Table 1

Nanobodies that have entered in clinical trials

Nanobody drug

Disease

Target

Clinical trial

Phase of clinical development

References

Caplacizumab

ALX-0681

ALX-0081

Thrombotic thrombocytopenic purpura

Ultra large von Willebrand factor

NCT03172208

NCT02878603

NCT01151423

NCT02189733

NCT02553317

NCT01020383

I

III

II

I

III

II

[98, 139, 140, 141, 142, 143]

Ozoralizumab

ATN-103

Rheumatoid arthritis

TNF

NCT01007175

NCT00959036

NCT01063803

NCT00916110

I/II

I/II

II

I

[144]

Vobarilizumab

ALX-0061

Rheumatoid arthritis

IL6

NCT02518620

NCT02309359

NCT02287922

NCT02101073

NCT01284569

II

II

II

I

I/II

[145]

Vobarilizumab

ALX-0061

Systemic lupus erythematosus

IL6

NCT02437890

II

 

ALX-0171

Lower respiratory tract infection

RSV

NCT02979431

NCT02309320

NCT01483911

NCT01909843

NCT01875926

NCT03468829

NCT03418571

II

I/II

I

I

I

II

II

[114, 146]

ALX-0761

M1095

MSB0010841

Psoriasis

IL17A, IL17F and IL17A/F

NCT03384745

NCT02156466

II

I

[147]

Bispecific nanobody-derived CAR-T cells

Refractory/ relapsed B-cell lymphoma

CD19/CD20

NCT03881761

NCT03664661

I

I

[105, 148]

α-ADAMTS-5 nanobody M6495

Osteoarthritis

ADAMTS-5

NCT03583346

NCT03224702

I

I

[149, 150]

VHH batch 203027

Diarrhoea

Rotavirus

NCT01259765

II

[151]

[131I]-SGMIB anti-HER2 VHH1

Breast cancer

HER2

NCT02683083

I

 

68-GaNOTA-anti-HER2 VHH1

Brain metastasis of breast carcinoma

HER2

NCT03331601

II

 

ALX-0651

Healthy volunteers

CXCR4

NCT01374503

I

 

PF-05230905

Healthy volunteers

 

NCT01284036

I

 

Phase I: dosing, toxicity and excretion in healthy subjects; Phase II: safety and efficacy in large patient cohorts; Phase III: multi-centred, randomized, placebo-controlled trials; Phase IV: post-marketing studies

ADAMTS-5 α-A disintegrin and metalloproteinase with thrombospondin motifs-5, CAR chimeric antigen receptor, CD cluster of differentiation, CXCR4 chemokine receptor type 4, HER2 human epidermal growth factor receptor 2, IL interleukin, RSV respiratory syncytial virus, TNF tumour necrosis factor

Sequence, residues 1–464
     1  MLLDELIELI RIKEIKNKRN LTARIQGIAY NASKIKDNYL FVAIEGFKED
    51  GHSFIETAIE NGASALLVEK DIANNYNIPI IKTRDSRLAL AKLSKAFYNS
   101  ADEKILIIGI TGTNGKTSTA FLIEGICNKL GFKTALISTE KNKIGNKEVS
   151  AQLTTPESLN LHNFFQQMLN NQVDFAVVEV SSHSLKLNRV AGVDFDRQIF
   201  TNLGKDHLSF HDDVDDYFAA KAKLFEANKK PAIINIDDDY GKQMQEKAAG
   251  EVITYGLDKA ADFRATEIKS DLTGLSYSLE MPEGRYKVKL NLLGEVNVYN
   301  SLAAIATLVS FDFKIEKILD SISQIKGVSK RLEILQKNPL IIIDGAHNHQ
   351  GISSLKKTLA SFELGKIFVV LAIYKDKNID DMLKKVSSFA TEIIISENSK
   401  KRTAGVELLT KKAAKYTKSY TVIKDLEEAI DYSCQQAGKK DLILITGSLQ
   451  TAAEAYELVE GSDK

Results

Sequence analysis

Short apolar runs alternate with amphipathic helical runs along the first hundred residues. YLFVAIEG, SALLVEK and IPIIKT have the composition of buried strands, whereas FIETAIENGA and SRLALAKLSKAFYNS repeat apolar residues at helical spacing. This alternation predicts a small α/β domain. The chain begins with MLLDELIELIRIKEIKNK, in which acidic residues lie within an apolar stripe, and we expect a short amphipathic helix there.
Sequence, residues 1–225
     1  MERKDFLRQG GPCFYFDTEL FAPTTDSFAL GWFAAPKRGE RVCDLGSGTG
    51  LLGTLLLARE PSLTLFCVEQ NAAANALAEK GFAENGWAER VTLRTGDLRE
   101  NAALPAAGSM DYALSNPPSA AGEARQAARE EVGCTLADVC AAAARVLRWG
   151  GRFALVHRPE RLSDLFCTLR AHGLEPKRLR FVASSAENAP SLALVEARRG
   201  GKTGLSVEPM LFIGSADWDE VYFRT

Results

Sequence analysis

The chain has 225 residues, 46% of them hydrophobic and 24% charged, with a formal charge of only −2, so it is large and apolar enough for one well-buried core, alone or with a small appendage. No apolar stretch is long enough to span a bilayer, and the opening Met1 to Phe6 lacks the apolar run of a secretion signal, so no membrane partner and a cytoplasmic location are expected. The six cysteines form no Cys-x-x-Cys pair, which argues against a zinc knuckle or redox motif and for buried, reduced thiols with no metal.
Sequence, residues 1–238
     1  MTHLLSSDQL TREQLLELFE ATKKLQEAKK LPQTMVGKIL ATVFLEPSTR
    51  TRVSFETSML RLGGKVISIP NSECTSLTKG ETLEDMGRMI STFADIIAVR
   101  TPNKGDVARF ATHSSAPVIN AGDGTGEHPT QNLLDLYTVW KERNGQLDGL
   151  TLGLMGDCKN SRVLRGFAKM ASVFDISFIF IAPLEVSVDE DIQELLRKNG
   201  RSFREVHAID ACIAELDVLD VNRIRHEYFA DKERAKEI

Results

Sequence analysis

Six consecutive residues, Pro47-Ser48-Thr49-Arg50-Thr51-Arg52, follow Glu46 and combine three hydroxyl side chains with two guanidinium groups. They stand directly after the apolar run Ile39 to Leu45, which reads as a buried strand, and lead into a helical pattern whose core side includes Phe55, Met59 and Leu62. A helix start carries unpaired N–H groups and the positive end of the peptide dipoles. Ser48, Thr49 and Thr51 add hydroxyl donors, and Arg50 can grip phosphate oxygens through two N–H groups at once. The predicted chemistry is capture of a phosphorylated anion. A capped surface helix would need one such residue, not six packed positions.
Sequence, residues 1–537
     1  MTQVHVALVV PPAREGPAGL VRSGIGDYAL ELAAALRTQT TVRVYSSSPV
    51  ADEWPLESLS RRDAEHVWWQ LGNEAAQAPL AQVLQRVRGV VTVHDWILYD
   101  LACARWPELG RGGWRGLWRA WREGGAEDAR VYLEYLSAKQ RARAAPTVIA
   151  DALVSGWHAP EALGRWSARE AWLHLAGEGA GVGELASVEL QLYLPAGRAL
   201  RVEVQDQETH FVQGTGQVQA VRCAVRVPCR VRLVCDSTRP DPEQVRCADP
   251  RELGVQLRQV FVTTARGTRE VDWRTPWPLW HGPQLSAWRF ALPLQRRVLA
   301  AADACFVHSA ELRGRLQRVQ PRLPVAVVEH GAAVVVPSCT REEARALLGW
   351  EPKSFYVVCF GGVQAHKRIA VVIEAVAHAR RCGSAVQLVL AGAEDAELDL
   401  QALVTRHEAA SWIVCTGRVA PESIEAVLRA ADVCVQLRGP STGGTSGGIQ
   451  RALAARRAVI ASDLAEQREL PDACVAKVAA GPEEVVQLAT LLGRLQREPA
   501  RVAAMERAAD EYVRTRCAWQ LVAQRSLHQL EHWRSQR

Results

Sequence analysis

Although the small size of a monomeric nanobody is beneficial in many cases, it can be a disadvantage for therapy as nanobodies will be rapidly cleared through the kidneys since their molecular mass is well below the 50–60 kDa renal threshold for glomerular filtration. Therefore, if the antigen is not circulating in the patient’s blood, only a marginal fraction of the administered nanobody will reach its cognate target. Thus, in order to obtain a high target load in vivo, a monomeric nanobody should be frequently administered. Alternatively, multimeric nanobody constructs or nanobodies fused to serum albumin (either directly or via an albumin-binding nanobody) can be produced for increasing their half-life in blood [40, 72]. In one study, the authors fused a bivalent α-EGFR nanobody to a nanobody binding to human serum albumin and managed to increase the serum half-life of this α-EGFR-α-EGFR-α-Alb nanobody to 2–3 days [26].

1.3 Nanoparticles in Nanomedicine

Important developments in the clinical care of cancer patients including genomic profiling, immunotherapy and targeted therapy, emerged in the last decades [73]. One such revolutionary approach is the use of nanoparticles (metallic, inorganic, organic and biological) for medical purposes.